Asano was charged with a laundry list of offenses, one of which was not waterboarding, but water torture. The list also included beatings and burning with cigarettes, all of which are illegal under the Geneva Conventions, especially given that they were done to uniformed POW's. Read the testimony.

Posted by: Pablo at November 7, 2007 08:10 AM

Dave W,

Our policy has to be that we do not mistreat our prisoners in any way. If they have to do it then we can deal with that in the justice system as necessary.

Suppose Hillary gets elected and the new AG thinks it would be a peachy idea to prosecute the guys who waterboarded KSM. Are you OK with locking them up for what they did?

Posted by: Pablo at November 7, 2007 08:14 AM

I wonder if there is any evidence of Bushhitler being behind the latest trend in interrogation techniques, cookie torture.

Evil, yet surprisingly delicious.

Posted by: Confederate Yankee at November 7, 2007 08:33 AM

Elydo, the same argument can be made about the use of deadly force to save someone's life. Do we know, for certain, that the same potential victim won't lose his life due to violence at a later time? No, we don't.

We cannot see the future, and we should not be asinine enough to try to make laws that assume we can. Does waterboarding have the potential of saving lives? Yes, in certain circumstances. I leave the decision about whether or not it is likely to do so in the circumstances that prevail at a given time to those involved at the time.

Posted by: C-C-G at November 7, 2007 09:35 AM

I can't believe so many people think that causing such excruciating pain isn't torture. Is there any question that waterboarding, when done properly, doesn't cause excruciating pain? That is why it is used. Calling it "simulated drowning" is an awful nice way to describe strapping somebody down and pouring water down their nose. That's gotta hurt.

I remember recently where Iran captured some British soldiers because they supposedly strayed into their waters. If they captured U.S. soldiers, would it be okay for them to waterboard our soldiers to obtain confessions? Or would that be torture?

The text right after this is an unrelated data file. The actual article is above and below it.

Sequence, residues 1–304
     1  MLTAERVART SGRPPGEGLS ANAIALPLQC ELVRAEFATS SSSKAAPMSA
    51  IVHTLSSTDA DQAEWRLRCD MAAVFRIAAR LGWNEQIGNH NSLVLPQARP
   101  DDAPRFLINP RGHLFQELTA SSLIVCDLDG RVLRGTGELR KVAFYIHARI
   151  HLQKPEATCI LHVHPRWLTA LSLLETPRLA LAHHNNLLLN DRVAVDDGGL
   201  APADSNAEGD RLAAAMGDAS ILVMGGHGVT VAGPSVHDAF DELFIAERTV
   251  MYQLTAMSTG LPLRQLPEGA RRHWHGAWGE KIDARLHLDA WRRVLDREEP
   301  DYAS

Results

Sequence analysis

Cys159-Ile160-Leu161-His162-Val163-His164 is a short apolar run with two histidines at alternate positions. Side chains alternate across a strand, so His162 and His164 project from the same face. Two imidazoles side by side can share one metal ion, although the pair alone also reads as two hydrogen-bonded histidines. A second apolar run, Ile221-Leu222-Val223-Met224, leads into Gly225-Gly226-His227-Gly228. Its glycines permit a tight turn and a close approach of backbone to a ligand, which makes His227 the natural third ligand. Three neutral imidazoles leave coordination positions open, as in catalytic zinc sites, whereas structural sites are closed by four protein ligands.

Posted by: DR at November 7, 2007 10:54 AM

Sgt Jeff you are an idiot if you can not perceive the difference in a training exercise and real torture. In the SERE school people know that they are not going to drown and they know that all mock executions are in fact mock executions. They also know that threats of having their wives and children tortured in foreign countries are in fact just threats.
Torture is only good for obtaining confessions. In the past it has proven to be very effective at making witches confess, and also at forcing witches to divulge their plans for future witchcraft and in identifying other witches including the most difficult to find "sleeper" witches.

Posted by: John Ryan at November 7, 2007 01:21 PM

I'm curious and freely admit my ignorance...
Does "the UN Convention Against Torture and Other Cruel, Inhuman or Degrading Treatment or Punishment" denote the specific individuals that are covered under its jurisdiction?

The reason I ask this question is, after having read some of the Geneva Conventions - specifically the one covering those who may or may not be granted POW status (sorry, don't remember the citation and I'm too lazy to re-look and also too lazy to read up on the 'torture GC' :) - does this cover only POW's or any/all detainees?

If the GC's only cover POW's wrt torture and not 'unlawful combatants' then the entire debate over GC definition is moot. US law, however, would remain open and still be problematic.

Now for my diatribe:

If the specific individual is an ‘unlawful combatant’ then all avenues are open for the apprehending entity under their law up to and including summary execution (if 'lawful'). Put yourself in a Nazi POW camp or as an AQ captive. The GC covering POW’s does allow for the execution of those POW’s engaged in escape attempts. As for AQ I only expect death at their hands in one form or another if I would happen to be their captive. The Nazi example deals with an officially recognized military and all subsequent GC requirements on POW's. The AQ example deals with an unofficial, non-state group engaged in militaristic activities that fail to meet GC requirements on POW's.